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"You CAN Play Mathematical Equations on the Violin!": Quantifying Artistic Learning Outcomes for Assessment Purposes

"You CAN Play Mathematical Equations on the Violin!": Quantifying Artistic Learning Outcomes for... frank p. tomasulo the french philosopher of science Jules Henri Poincaré (1854­1912) once said, "You cannot play mathematical equations on the violin." By that he meant simply that there was a decided difference between the sciences and the arts. Yet in today's academy, internal effectiveness reviews and external accreditation agencies require us to do just that--"to play mathematical equations on the violin," so to speak--by insisting that film department administrators and faculty come up with measurable outcomes and results, as well as the means by which to evaluate artistic qualities such as talent; beauty; and "good" screenwriting, cinematography, directing, acting, editing, sound, and set design, and so on. This article demonstrates how the Florida State University Film School complied with this seemingly impossible task and how the Bachelor of Fine Arts (BFA) and Master of Fine Arts (MFA) programs have actually benefited from embracing mandated statistical assessment opportunities. To begin, I should note that I was not originally a proponent of such assessment strategies. The vast majority of professors in the arts frank p. tomasulo is a professor and the head of film studies at the College of Motion Picture, Television and Recording Arts at Florida State University. http://www.deepdyve.com/assets/images/DeepDyve-Logo-lg.png Journal of Film and Video University of Illinois Press

"You CAN Play Mathematical Equations on the Violin!": Quantifying Artistic Learning Outcomes for Assessment Purposes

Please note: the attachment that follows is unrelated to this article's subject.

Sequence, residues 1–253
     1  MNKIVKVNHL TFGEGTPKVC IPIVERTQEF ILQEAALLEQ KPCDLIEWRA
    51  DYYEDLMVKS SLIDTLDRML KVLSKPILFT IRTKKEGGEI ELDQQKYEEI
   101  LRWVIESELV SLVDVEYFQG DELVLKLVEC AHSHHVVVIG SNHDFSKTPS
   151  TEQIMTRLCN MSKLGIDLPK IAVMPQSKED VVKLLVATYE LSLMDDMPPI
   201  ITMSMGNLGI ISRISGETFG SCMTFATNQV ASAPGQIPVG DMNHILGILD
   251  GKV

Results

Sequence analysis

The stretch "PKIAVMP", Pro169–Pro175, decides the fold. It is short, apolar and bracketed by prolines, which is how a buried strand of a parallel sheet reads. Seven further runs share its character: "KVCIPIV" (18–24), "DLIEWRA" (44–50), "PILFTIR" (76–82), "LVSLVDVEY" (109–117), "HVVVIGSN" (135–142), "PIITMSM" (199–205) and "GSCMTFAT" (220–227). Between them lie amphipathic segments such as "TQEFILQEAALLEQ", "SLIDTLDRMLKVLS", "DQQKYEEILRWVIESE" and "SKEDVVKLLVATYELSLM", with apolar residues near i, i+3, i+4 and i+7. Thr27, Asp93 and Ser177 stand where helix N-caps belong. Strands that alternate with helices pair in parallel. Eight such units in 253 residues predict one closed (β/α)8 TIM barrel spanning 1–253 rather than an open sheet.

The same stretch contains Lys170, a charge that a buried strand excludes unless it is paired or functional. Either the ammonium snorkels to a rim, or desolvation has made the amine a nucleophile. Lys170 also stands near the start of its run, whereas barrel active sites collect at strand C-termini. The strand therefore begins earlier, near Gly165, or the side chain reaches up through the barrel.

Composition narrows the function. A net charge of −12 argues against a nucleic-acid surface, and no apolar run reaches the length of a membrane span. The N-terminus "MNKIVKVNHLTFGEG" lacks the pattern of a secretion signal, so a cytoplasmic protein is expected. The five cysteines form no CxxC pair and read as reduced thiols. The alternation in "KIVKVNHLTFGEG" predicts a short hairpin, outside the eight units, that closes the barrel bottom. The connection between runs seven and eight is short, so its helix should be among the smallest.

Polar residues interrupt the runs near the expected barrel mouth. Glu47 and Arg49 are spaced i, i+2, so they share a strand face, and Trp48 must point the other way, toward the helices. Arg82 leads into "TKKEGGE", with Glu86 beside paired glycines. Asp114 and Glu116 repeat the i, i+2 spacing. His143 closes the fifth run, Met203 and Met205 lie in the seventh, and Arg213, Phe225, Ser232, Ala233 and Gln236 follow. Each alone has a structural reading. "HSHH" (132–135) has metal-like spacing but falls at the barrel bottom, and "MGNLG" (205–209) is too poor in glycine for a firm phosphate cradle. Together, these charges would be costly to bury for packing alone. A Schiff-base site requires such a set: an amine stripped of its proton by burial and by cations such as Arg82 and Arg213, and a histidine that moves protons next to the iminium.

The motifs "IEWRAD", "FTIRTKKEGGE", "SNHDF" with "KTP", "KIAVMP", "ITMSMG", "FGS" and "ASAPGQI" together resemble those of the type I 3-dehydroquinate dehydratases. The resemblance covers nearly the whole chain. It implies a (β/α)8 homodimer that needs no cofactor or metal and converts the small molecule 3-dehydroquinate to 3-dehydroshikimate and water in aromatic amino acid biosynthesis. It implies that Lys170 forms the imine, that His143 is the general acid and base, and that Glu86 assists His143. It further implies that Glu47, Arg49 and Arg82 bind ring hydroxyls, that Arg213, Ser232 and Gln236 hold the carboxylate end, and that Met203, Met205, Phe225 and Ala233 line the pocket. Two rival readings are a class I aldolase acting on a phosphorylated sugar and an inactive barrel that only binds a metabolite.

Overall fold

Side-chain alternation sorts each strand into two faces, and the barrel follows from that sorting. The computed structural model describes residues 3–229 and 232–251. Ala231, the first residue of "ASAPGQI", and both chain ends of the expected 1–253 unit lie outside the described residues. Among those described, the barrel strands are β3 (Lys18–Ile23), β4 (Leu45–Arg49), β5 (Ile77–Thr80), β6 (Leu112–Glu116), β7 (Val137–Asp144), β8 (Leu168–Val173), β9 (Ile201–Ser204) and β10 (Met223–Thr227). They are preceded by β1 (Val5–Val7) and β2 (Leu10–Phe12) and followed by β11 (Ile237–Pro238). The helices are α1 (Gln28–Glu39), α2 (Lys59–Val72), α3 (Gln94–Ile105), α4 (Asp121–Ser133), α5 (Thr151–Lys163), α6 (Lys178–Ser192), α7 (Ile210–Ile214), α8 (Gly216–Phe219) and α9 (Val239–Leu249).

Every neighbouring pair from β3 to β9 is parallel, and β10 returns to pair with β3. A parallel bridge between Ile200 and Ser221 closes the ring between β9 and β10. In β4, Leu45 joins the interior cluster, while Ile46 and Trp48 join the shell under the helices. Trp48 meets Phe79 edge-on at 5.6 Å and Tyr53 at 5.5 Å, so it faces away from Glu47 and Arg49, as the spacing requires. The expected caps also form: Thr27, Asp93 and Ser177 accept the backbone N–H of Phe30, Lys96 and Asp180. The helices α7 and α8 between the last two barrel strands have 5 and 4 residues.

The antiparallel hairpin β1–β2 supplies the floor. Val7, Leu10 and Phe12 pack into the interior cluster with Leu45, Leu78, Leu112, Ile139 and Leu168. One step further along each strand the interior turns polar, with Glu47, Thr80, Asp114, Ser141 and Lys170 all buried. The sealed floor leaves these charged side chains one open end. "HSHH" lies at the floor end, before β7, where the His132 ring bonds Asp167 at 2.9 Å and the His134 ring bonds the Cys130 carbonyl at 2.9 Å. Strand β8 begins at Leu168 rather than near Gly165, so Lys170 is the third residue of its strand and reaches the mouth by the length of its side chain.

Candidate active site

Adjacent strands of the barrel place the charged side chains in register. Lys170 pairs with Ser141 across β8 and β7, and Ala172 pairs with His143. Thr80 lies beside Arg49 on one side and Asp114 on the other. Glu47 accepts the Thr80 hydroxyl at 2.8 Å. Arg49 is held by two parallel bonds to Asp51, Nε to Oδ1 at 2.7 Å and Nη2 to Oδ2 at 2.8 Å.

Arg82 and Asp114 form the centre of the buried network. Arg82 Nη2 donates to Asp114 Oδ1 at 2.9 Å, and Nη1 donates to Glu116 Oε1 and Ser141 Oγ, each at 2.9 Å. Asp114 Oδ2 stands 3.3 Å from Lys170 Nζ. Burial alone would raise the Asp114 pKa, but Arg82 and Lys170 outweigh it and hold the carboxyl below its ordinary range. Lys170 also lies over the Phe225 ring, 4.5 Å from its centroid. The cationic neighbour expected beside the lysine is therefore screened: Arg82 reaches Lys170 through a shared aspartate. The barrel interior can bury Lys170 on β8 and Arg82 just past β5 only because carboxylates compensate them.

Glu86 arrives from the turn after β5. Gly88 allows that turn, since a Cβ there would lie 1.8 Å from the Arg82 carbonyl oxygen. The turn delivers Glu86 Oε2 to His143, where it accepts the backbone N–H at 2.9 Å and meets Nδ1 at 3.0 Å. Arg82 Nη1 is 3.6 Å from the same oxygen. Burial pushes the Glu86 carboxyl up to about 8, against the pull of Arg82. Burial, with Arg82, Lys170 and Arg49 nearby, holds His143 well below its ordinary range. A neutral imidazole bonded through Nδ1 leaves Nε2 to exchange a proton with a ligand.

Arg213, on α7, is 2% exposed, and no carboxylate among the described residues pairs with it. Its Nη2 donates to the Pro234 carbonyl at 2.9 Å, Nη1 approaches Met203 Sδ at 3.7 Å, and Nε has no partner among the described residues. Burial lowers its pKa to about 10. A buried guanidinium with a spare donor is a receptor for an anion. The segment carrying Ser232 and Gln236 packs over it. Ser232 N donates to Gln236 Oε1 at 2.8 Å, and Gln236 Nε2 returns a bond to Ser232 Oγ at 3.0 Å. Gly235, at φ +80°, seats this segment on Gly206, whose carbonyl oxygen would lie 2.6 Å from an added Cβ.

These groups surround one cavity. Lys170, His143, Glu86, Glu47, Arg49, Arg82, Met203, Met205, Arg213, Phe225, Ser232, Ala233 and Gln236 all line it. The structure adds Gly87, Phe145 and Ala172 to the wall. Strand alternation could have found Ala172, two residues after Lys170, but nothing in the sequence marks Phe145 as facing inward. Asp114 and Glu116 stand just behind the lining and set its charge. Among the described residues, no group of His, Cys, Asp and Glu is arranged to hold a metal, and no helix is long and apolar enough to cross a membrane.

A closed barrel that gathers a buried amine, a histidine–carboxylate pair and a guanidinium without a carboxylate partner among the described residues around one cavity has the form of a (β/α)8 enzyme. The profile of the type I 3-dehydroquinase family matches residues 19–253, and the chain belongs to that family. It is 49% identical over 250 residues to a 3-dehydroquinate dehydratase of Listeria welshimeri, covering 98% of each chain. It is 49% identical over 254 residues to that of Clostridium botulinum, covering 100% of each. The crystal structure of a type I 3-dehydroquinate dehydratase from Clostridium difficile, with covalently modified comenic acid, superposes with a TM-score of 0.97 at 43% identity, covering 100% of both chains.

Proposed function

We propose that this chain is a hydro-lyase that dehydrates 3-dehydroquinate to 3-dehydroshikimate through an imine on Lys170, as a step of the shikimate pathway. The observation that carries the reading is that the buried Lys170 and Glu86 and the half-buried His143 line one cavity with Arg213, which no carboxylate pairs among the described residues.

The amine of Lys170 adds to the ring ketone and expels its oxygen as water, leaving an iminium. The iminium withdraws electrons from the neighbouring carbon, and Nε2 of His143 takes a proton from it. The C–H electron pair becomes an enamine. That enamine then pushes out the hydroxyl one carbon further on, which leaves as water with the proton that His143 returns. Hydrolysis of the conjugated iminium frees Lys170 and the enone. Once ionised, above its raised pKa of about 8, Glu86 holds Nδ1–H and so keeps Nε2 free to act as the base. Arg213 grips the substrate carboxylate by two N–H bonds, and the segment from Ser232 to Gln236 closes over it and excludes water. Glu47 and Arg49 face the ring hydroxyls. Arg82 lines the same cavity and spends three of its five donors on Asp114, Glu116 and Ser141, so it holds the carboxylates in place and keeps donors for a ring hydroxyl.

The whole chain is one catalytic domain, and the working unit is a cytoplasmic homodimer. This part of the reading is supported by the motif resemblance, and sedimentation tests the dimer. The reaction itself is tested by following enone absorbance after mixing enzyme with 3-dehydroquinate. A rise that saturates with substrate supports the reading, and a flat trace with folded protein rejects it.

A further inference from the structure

Journal of Film and Video , Volume 60 (3-4) – Oct 3, 2008

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Publisher
University of Illinois Press
Copyright
Copyright © 2008 Board of Trustees of the University of Illinois
ISSN
1934-6018
Publisher site
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Abstract

frank p. tomasulo the french philosopher of science Jules Henri Poincaré (1854­1912) once said, "You cannot play mathematical equations on the violin." By that he meant simply that there was a decided difference between the sciences and the arts. Yet in today's academy, internal effectiveness reviews and external accreditation agencies require us to do just that--"to play mathematical equations on the violin," so to speak--by insisting that film department administrators and faculty come up with measurable outcomes and results, as well as the means by which to evaluate artistic qualities such as talent; beauty; and "good" screenwriting, cinematography, directing, acting, editing, sound, and set design, and so on. This article demonstrates how the Florida State University Film School complied with this seemingly impossible task and how the Bachelor of Fine Arts (BFA) and Master of Fine Arts (MFA) programs have actually benefited from embracing mandated statistical assessment opportunities. To begin, I should note that I was not originally a proponent of such assessment strategies. The vast majority of professors in the arts frank p. tomasulo is a professor and the head of film studies at the College of Motion Picture, Television and Recording Arts at Florida State University.

Journal

Journal of Film and VideoUniversity of Illinois Press

Published: Oct 3, 2008

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